WINNIPEG -- A section of land in Brandon slated to be set aside to preserve an endangered orchid that takes more than a decade to grow was accidentally tilled by a neighbouring property owner.

The White Lady’s Slipper Orchid, officially known as Cypripedium Candidum, is among Manitoba's species at risk. Manitoba Conservation Data Centre says the orchid is considered very rare, and estimates it takes at least 12 years to reach maturity.

The City of Brandon said council recently voted to donate about five acres of city land to a proposed 60-acre area to be owned and operated by The Nature Conservancy of Canada to preserve the White Lady’s Slipper Orchid.

However, the city said on April 24 to 25, it was told that a 1.5-acre section of that land was accidentally tilled along with private land neighbouring the area.

"This certainly was an unfortunate mistake, by all accounts," said Ryan Nickel, the director of Brandon's Planning and Building Development Department.

He said an adjacent landowner had an agreement with a farmer who would till the land but said the farmer accidentally tilled the city-owned land earmarked for the White Lady’s Slipper Orchid preserve.

Megan Hamill has been working to protect the endangered orchid in Brandon. In the summer of 2020, Hamill launched a petition to save the orchid growing on the site of a proposed development in the city.

READ MORE: Nearly 2,000 people join petition to save endangered orchid in Brandon

"There is not very many of them left because unfortunately, with farming and the expansion of cities, we have taken over almost all of the tall grass prairies – it is one of the most endangered ecosystems in the world," she said.

"These little sections that we have left are very important – not just for the orchid, but the other animals and the other plants that are living in those systems."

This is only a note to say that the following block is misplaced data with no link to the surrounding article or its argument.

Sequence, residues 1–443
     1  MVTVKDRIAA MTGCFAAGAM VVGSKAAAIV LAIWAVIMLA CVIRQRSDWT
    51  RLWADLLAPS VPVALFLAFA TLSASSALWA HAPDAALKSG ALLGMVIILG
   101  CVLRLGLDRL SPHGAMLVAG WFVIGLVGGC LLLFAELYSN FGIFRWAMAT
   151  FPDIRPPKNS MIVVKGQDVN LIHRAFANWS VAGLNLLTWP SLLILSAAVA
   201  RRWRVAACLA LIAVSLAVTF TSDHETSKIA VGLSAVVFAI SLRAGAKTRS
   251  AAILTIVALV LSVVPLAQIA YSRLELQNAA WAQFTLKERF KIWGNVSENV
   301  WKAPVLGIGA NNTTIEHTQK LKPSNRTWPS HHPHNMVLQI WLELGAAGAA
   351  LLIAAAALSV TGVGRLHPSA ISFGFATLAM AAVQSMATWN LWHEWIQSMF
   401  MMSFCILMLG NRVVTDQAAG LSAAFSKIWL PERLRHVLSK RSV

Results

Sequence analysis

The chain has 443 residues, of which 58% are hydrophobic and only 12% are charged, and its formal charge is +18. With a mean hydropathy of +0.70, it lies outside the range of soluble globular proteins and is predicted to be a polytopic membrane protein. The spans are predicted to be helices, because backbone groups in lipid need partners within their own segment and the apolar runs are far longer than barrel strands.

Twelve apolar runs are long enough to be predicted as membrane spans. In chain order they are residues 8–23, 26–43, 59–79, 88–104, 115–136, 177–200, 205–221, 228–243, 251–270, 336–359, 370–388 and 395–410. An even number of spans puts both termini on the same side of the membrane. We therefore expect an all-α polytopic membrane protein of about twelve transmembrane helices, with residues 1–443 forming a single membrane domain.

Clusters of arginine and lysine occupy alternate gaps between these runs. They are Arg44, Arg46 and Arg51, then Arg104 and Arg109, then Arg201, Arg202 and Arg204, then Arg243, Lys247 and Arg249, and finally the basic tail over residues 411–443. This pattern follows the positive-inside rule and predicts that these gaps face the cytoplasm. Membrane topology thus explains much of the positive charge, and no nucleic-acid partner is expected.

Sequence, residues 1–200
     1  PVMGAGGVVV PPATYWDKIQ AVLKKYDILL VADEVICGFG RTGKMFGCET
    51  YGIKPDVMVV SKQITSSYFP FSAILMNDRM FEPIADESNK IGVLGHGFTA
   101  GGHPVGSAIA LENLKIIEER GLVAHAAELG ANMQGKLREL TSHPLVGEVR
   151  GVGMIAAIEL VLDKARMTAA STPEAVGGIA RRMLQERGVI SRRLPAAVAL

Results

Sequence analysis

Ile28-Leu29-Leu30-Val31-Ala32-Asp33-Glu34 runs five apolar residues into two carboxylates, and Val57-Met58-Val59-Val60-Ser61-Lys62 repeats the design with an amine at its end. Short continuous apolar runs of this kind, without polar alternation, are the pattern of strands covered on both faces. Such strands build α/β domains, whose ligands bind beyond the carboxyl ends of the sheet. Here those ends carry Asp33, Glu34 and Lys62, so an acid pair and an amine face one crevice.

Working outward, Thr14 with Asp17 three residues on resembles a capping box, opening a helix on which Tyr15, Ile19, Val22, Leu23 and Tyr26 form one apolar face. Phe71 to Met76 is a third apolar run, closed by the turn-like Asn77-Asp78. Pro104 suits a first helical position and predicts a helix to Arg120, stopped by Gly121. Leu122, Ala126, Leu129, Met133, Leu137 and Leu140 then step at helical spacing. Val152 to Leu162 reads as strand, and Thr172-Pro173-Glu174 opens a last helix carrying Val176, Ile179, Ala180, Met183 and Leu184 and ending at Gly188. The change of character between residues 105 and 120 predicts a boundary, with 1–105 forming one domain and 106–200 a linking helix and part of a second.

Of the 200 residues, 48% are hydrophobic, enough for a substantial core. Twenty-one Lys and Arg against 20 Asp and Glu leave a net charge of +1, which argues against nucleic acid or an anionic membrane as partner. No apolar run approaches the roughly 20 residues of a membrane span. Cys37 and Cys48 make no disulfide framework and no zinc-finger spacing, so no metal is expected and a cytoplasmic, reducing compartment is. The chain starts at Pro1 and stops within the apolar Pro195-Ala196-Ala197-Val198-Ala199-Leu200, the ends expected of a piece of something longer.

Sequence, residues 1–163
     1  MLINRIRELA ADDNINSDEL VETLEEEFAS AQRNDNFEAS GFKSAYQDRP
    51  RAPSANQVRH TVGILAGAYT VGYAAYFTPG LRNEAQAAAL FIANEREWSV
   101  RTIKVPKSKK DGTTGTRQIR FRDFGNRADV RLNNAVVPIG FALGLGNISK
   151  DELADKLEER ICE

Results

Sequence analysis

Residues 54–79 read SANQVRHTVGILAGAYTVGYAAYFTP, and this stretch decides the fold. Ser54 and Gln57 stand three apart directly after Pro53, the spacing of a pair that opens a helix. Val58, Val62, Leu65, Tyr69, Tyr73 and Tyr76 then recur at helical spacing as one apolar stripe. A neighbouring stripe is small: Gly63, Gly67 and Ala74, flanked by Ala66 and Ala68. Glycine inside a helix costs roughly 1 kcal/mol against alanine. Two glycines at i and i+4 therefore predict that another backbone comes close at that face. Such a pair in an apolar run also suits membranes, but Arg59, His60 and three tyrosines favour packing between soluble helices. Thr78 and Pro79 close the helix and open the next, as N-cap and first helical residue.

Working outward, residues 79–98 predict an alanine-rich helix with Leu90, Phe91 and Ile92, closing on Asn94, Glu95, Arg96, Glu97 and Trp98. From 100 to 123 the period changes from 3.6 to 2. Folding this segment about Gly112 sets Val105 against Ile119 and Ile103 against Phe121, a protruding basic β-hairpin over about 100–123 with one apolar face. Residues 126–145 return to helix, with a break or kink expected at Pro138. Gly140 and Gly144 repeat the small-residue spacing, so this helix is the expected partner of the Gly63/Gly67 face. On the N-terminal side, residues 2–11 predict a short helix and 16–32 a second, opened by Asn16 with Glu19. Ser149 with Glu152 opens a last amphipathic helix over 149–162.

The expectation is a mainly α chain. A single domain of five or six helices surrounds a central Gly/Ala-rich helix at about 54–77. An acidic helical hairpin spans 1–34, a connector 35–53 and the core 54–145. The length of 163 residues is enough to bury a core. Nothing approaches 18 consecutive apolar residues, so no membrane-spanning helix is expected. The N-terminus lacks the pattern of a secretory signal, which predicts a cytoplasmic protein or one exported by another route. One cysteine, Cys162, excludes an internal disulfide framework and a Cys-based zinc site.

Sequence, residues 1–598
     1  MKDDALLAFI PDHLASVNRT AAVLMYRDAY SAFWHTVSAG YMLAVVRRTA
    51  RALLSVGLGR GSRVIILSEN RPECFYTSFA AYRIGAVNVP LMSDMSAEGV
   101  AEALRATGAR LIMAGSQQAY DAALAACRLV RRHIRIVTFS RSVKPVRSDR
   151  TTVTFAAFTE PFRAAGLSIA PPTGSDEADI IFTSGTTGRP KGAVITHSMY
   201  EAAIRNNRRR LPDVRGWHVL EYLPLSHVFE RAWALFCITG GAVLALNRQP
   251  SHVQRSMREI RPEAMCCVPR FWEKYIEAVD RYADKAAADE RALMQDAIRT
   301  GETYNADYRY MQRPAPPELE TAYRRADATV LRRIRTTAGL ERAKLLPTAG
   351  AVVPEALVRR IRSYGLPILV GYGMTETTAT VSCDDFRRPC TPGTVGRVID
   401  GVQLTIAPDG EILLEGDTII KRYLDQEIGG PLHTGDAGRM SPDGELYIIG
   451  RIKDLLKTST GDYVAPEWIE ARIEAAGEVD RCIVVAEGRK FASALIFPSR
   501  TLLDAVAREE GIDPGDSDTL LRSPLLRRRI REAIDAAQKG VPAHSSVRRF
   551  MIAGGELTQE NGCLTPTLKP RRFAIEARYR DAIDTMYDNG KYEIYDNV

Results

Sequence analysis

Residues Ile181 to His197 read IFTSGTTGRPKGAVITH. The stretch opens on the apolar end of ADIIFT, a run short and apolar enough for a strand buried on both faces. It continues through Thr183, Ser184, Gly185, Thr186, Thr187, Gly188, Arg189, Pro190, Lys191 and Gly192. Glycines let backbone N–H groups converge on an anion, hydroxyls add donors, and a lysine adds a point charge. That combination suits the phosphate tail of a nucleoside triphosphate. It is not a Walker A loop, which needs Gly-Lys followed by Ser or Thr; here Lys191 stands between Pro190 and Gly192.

She said the land that was tilled did have historical occurrences of the White Lady’s Slipper Orchid at one time.

Nickel said the province is the authority in regulating endangered species. CTV News has reached out to the province, to see if any White Lady’s Slipper Orchid was currently growing on the area of land.

A provincial spokesperson said the province was aware of the 'reported disturbance.'

"We are working to determine the extent and impact of the disturbance, and potential next steps," a provincial spokesperson told CTV News.

According to the province of Manitoba's website, it is unlawful to disturb or interfere with at-risk species or the habitat of the at-risk species. The spokesperson did not say if there would be any penalties or fines handed out as a result of the land being tilled.

Nickel said the neighbouring property owner is working with the city and the province to restore the land to the greatest extent possible. He said an assessment of the damage will be done.

"There's an understanding that it is very difficult to just put land back together again," he said.

He said there will be some work done in the area to reseed native grass species. The City of Brandon said it will work with the province during the ongoing investigation.